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Home » Robert Plant

London, ON John Labatt Centre

14 September 2005 2,274 views No Comment

No Quarter, Shine it all Around, Black Dog, Freedom Fries, Another Tribe, That’s the Way, Hey Joe, Four Sticks, Tin Pan Valley, Gallows Pole, BIGLY.
Encore: Brother Ray (incl verses of You Shook Me), Whole Lotta’ Love

This from Wyatt Brake
Plant really reached for some high notes during Black Dog. Freedom Fries was dedicated to Canada’s neighbor…
During That’s The Way, instead of singing “everything that lives is born to die,” Robert repeated the “all the fish that lay in dirty water dying…” and grimaced as he did so, conscious of his error.
While that song was about environmental pollution in 1970, Another Tribe was about the “human pollution” of current events. This was my fifth Plant show of the year, but the first time I had heard Another Tribe live. It was a nice surprise and very well done.
Hey Joe was excellent. It is one of those songs that simply does not retain anything close to the same power in any recorded format and must be witnessed live. The anticipation that builds to the climax of “JUST – LIKE – I – I – I – I – SAID” as the last word is stretched up and up and up is just fantastic. As the band crashes down on the crowd at that moment and they commence the freak-out section, everyone is mesmerized.
Four Sticks was just slightly different from the 2001-2003 Sensation tours. There was a bit more of the light/shade, quiet/loud dynamic added to this rendition.
Tin Pan Valley is now enhanced with a more intense light show and is in the same vein as the version that was played on the Jay Leno Tonight Show in July (with the bombastic opening leading into the subdued electronica and drum track). Skin had a good solo for this song.
Babe, I’m Gonna Leave You is still a crowd favorite, but it doesn’t quite do it for me. Even the Page/Plant 95-98 versions pale in comparison to the 1969 Zeppelin performances, but at least the guitar solo had some meat on its bones…although my friend Randy disagreed with me, I thought Skin’s strangling of the guitar neck with a few violent snaps of the strings with
his picking fingers hardly constituted a good solo. Unfortunately, he hasn’t been any better at any of the other shows I’ve seen this year on this particular song. Apparently Plant doesn’t have a problem with how he plays it, but it leaves me a little wanting. I think Skin’s playing on every other song is good to excellent – it’s just this song that is lacking.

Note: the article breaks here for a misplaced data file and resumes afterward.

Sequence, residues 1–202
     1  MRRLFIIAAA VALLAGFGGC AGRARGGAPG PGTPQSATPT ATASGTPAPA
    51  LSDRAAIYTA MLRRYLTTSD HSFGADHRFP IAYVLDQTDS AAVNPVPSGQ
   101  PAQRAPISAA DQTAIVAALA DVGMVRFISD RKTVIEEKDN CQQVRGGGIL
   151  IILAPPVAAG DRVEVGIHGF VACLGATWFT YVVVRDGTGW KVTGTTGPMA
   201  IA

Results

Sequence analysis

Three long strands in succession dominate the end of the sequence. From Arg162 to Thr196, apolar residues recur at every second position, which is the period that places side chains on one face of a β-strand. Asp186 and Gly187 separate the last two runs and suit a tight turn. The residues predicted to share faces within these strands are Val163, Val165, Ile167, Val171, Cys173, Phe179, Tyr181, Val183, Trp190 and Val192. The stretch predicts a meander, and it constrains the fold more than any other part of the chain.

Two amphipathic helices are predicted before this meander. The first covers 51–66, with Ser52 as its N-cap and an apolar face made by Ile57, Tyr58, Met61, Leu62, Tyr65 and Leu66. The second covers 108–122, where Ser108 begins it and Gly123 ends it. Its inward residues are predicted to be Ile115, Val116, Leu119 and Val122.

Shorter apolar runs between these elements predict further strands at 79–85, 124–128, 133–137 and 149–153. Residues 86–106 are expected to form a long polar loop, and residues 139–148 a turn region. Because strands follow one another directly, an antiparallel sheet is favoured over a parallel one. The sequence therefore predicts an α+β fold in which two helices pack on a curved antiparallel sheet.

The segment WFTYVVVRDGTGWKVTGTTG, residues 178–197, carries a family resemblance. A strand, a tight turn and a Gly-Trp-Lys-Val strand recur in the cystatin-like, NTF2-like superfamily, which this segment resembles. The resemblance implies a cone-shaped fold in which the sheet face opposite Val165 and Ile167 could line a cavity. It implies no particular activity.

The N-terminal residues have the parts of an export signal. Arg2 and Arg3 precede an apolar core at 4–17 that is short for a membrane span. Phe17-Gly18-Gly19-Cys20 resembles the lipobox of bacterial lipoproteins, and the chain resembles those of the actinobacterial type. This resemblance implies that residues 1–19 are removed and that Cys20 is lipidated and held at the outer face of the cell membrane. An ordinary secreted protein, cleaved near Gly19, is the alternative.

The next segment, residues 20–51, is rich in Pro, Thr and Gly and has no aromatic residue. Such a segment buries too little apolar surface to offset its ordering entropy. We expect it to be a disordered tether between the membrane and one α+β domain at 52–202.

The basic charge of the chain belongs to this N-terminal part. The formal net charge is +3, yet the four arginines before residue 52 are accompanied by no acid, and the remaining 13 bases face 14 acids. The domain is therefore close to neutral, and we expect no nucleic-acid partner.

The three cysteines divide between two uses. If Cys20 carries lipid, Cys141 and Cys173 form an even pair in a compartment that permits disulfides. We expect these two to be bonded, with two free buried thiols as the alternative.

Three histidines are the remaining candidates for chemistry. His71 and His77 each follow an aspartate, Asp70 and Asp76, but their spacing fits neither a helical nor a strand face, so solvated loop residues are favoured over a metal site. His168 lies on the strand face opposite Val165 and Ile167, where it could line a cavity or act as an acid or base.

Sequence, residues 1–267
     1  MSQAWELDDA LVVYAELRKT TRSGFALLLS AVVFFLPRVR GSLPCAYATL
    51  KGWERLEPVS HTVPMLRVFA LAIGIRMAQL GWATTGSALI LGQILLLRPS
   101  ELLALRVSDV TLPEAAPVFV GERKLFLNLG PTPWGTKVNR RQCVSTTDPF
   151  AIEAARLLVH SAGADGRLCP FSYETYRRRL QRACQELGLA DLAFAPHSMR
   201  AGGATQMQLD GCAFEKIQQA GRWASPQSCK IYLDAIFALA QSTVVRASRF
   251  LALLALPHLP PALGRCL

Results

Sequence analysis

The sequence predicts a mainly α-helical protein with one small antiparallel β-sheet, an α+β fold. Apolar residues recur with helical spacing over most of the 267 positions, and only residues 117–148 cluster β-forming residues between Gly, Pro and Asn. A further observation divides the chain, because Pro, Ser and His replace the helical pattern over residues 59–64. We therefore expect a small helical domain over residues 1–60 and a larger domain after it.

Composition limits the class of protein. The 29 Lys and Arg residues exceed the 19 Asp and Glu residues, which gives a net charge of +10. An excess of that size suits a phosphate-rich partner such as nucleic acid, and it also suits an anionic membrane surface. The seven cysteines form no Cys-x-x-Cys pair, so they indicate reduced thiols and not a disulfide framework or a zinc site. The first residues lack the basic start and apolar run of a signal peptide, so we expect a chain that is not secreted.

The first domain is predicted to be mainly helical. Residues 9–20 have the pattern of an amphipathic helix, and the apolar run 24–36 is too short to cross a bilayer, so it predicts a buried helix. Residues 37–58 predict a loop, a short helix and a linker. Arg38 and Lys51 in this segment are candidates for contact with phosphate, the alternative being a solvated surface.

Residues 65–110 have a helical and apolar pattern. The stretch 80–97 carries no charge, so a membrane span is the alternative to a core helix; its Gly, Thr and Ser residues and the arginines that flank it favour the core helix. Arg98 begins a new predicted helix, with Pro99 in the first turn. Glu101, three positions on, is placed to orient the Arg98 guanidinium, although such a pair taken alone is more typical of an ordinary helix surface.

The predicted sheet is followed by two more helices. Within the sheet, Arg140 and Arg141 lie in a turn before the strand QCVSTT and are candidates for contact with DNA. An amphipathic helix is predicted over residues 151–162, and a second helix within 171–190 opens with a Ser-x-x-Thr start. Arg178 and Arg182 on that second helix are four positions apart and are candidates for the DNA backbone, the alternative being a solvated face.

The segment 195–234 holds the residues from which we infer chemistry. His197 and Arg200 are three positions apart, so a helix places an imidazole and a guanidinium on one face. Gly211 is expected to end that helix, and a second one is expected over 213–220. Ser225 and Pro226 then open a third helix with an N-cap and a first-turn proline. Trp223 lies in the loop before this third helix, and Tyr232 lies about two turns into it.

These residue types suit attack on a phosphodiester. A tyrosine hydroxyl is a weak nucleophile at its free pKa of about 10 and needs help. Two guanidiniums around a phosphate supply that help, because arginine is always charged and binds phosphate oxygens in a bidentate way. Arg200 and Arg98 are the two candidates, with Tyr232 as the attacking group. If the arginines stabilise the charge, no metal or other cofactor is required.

Brother Ray was a definite surprise as the first encore. During the break, a basic Yamaha keyboard was brought out in front of the keyboards set up on the riser. Mics were placed around in a semi-circle and the large hand-drums were set out. Plant was less than pleased with the very claustrophobic set-up of the stage and warned that someone was “going to swing for this –
there aren’t any swingers here!” Right on cue, Justin Adams stepped forward and intentionally bumped into Robert with an “oh, sorry…” Skin clapped and sang backing vocals while Baggott riffed on the keys, Fuller slapped the stand-up bass, and Deamer and Adams drummed. Plant threw in some blues cliches and even a line or two from You Shook Me with the ‘ohhh, yeaaahs’
and various other vocal gymnastics. Eventually, Adams walked over to get his guitar and the microphones were moved as the band moved back to their normal positions and Robert talked about the ‘Hoochie-Coochie Man’ before moving into Whole Lotta Love as the crowd exploded into a frenzy. Robert picked up the lemon that someone had tossed onstage earlier for the “yoouuu neeeeeeed” part of the song. When it first appeared, he had said, “at 57, you wouldn’t
think that something like this would have any significance, but – I’m happy to report that everything is working quite well, without chemicals!”
There was another “Listen to This, Eddie” moment in the middle of Black Dog. A previous reviewer on thought that this was a reference to Ed Vedder of Pearl Jam (who played the same venue days earlier), but I would highly doubt it. I think Plant just enjoys the looks he gets from the boot-savvy collector-type members of the audience when he drops the name of
the 6-21-77 LA Forum show.
All in all, an excellent – but short – show. Hey Joe, Tin Pan Valley, and Four Sticks were definite highlights for me, and the Brother Ray interlude was pretty unique, although the London crowd missed a great song with the removal of The Enchanter from the set. The entire show was on the short side of ninety minutes. I realize not everyone drove four hours to get there like I did, but I got the feeling most people wanted more. It is certainly not as if he’s lacking in material to play.

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